Artist Karen Neale travelled the world for five months, sketching some of the world's most incredible sites...
I was awarded a Churchill Travelling Fellowship and I used the grant to travel for five months through France, Italy, Greece, Turkey, Iran, Uzbekistan, India and Nepal visiting World Heritage Cities and Sites. During this time I completed 106 annotated watercolour sketches recording my experience.
My sketchbook was my passport to people and places. When standing (or if lucky, sitting) somewhere for several hours, simply drawing with just a black biro, I became a part of that place for a time. Sketching erodes cultural and linguistic barriers, as a picture and the process to create it can be universally understood.
People were so friendly, informative, inquisitive and afforded me great hospitality. Humanity in its heritage and a journey of a lifetime. Here are my 5 favourite places, with images taken from from my sketchbook:
A little trip on the train from Vicenza where I am staying with a friend of a friend, for just a few hours in magical Venice. I could spend years getting lost down all the alleys, arriving at a canal, going back down alleys, eventually find a bridge over the canals and so on.
I walked through the Jewish Ghetto, which was powerfully moving, especially with the sculpted bronze memorial pieces on the walls, and then you cross the bridge only a few metres away, but which would have meant the difference I guess almost between life and death not so long ago. More happily St. Mark's Square is still as gorgeous as ever, appreciated by thousands of tourists every day and even more pigeons! I could happily spend a few months filling a few sketchbooks in this fabulously, fantastical city.
Matera is apparently one of the oldest towns in the world. Originating as cave dwellings built into the rocky tufo hillsides, the old town has maze like alleys and carved steps leading to different levels. During the 1950s many people were forcibly evacuated due to poor sanitary conditions. But not everyone left and this now semi-deserted area is increasingly dotted with freshly painted and restored dwellings.
If I had the money this would be the place where I would invest in a little cave of my own. As you wander through this magical maze, dogs appear suddenly at the top of a building, overlooking you like furry gargoyles and welcome you to Matera in comical fashion. This is the view from Palazzo Lanfranchi, looking across to Sassi Caveoso, el Duomo on left, and San Pietro Caveoso and Madonna dell' Idris set into the rocks... all quite amazing. The mad swallows swooping overhead in eternal circles like an airy whirlpool of mirthful mayhem – wonderful.
Istanbul: a completely captivating city. All the history and magic conjured up by its evocative namesakes of Constantinople and Byzantium, are completely alive and kicking in this modern city.
Cups of chay at every corner (my idea of heaven as those who know me will testify) and the bazaars are the endless resource and paradise of any homemaker. Best breakfast ever in Bayolu area, of creamy eggs and vegetables. Hagia Sophia, Topkapi Palace, Blue Mosque, the Bosphorous and this is just to begin with – Istanbul has got the lot.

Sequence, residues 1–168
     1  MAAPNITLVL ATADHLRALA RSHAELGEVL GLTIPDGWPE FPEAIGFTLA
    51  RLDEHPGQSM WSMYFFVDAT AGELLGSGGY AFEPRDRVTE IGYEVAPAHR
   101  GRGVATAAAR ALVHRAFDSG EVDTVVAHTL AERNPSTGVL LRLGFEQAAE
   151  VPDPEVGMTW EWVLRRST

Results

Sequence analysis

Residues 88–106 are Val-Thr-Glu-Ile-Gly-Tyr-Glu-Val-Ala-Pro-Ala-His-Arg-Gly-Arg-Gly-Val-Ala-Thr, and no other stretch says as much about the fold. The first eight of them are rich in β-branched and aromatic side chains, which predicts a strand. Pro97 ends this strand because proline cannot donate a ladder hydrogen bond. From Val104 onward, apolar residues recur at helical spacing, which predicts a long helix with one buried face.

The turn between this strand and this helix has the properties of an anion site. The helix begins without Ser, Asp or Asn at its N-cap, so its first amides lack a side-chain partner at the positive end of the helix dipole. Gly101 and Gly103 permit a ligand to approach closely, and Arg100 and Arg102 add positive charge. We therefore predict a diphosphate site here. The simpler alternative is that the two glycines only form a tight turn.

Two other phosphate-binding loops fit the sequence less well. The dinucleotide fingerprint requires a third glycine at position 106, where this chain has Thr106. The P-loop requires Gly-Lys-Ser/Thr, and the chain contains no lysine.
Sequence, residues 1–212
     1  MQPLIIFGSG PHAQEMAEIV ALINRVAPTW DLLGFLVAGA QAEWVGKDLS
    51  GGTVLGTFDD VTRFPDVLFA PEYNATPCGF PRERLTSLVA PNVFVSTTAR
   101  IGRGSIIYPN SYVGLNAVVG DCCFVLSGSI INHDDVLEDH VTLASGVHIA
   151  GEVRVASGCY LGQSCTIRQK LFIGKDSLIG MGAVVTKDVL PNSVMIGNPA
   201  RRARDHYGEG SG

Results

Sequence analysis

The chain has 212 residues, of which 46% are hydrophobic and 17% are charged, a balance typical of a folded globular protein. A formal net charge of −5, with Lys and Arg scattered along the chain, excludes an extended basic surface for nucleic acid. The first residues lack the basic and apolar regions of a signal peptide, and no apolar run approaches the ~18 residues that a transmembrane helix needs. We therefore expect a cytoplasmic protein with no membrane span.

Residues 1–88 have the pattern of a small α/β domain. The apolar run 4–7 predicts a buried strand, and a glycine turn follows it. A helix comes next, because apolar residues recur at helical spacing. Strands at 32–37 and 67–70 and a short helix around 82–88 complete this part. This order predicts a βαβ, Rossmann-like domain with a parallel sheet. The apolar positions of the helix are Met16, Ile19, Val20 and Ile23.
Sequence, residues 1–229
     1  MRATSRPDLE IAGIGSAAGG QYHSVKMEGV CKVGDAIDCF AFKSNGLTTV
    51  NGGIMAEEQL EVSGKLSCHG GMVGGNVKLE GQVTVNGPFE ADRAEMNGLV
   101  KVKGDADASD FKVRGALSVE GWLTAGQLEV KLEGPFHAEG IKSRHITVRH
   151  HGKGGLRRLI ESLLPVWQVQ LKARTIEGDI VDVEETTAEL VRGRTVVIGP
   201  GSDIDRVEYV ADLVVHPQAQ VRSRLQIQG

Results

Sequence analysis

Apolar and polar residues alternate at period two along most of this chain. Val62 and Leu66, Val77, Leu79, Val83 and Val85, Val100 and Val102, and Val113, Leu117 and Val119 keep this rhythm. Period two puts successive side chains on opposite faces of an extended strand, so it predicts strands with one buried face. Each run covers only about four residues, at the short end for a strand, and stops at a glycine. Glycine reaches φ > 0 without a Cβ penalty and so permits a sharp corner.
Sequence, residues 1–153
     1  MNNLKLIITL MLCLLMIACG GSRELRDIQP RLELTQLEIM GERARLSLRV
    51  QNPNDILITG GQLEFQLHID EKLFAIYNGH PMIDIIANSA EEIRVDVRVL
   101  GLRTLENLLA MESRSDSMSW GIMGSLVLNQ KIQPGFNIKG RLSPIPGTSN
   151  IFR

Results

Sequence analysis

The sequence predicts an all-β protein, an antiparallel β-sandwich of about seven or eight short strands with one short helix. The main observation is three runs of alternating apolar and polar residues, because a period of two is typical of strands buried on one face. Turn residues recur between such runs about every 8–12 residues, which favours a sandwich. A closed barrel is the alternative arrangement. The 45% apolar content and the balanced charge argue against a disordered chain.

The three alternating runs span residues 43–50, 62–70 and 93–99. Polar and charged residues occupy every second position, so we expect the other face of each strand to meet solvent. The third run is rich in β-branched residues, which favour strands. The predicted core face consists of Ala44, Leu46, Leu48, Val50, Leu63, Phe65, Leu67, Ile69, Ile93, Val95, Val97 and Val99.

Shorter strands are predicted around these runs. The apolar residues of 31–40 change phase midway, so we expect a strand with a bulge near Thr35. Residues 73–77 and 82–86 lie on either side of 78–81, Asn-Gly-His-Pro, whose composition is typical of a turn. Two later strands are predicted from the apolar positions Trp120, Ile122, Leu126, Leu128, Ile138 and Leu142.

Getting lost in the wonderful and bizarre Grand Bazaar is an experience not to be missed and it is sketcher's paradise overload. People here are wonderfully friendly and keep me plied with water and Turkish tea, which is most hospitable. I may drink the bazaar's Turkish tea reserves dry though, as I could stay here for decades. You can just about buy anything here I think, for a price, and the antique pewter, copper and gold don't come cheap!
I arrived from Kerman across the parched and remote desert to apparently three million palm trees forming the oasis around the town of Bam. The modern day city now lies outside the walls of the ancient city Arg-e-Bam. The whole adventure to Bam has been quite magical, staying at Mr. Akbah's little guesthouse and made to feel so at home.
I met some wonderful people in Bam and discovered that Iranian sense of humour is very similar to British – very dry with a hint of wit and sarcasm. The citadel is quite out of this world and completely compelling, and one of the most stunning sights I have ever seen, even while drawing this at well over 40° early in the morning, melting away in my long black oven of a dress.
The only inhabitants now in this amazing ancient city are the restoration workers, the ladies at the teahouse in the gatehouse to the citadel (great cooked eggs!) and the odd inquisitive lizard and bird.
Kathmandu: ancient history is fresh and youthful here, as stone Buddhas and Incarnations, stupas and other edifices nestle among the washing lines and 'Internet access here' signs. Medieval and modern life combine in a wonderful vibrancy in some amazing characteristic Nepalese adaptation.
The apparent randomness of the religious and secular buildings belies a wonderful complex and intricate network. In every chowk (residential courtyard/ marketplace with business enterprises mixed in on the lower floors) are stupas and Buddhas or even temples, which you can often glimpse from the street. It is a maze of delights.
POSTNOTE - So much has been destroyed in the devastating earthquake earlier this year and so much help is still needed in the aftermath to rebuild lives and basic shelter, let alone buildings which have stood for centuries....
Karen Neale's book, A Fellow Traveller; A Sketchbook Journey Inspired by World Heritage Cities and Sites can be ordered directly via www.karenneale.co.uk
If you're a British citizen and over the age of 16 years old, you could apply for a Churchill Travelling Fellowship too. Visit the website for more details.
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